It has been some time since I posted anything. I guess I can blame it on the craziness of summer. No excuse though I know.
I recently came across an article on Export America “A federal source for global business needs.” The Article discusses the differences between Localization, Globalization and Internationalization. Which I definitely agree with. It is one thing to make a product accessible to international markets, but giving products a local look and feel will give companies a much greater chance for success. This also follows our mantra Go Global, Get Local!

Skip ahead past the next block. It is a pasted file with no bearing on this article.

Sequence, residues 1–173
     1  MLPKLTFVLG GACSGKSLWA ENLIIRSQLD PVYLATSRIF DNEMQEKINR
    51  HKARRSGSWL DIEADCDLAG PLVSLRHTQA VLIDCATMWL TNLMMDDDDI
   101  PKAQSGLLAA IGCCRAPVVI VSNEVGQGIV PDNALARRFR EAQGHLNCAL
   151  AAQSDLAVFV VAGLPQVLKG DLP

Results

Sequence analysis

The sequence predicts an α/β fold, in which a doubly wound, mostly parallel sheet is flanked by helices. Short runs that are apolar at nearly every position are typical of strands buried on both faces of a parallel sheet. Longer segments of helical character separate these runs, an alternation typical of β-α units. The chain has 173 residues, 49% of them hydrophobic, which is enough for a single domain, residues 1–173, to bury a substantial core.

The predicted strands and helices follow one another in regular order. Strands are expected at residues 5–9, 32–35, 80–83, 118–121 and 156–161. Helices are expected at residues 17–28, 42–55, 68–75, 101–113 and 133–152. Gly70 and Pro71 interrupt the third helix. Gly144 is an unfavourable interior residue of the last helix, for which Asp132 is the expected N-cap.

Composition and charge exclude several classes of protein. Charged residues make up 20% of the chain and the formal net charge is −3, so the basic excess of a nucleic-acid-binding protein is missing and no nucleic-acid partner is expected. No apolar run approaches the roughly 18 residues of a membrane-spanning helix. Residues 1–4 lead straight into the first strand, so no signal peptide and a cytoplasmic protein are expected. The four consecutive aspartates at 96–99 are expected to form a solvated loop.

However, effectively selling a product overseas requires more than just finding a local distributor or creating a Spanish-language “About Us” link on a Web site. What is less frequently understood is the importance of truly “localizing,” or adapting, content or a product to meet the linguistic, cultural, and other requirements of a target market. This is a process that differs from “internationalization,” which is generalizing a product so that it can handle multiple languages and cultural conventions without the need for redesign. Localization involves tailoring a product to a specific market, in a process that goes beyond mere translation. For instance, notational conventions and other standards must be addressed. It also means understanding and accommodating cultural nuance, such as differences in color association, symbols, and payment preferences. Businesses that incorporate a localization component early on in their global strategy will be positioned far more competitively than businesses that do not.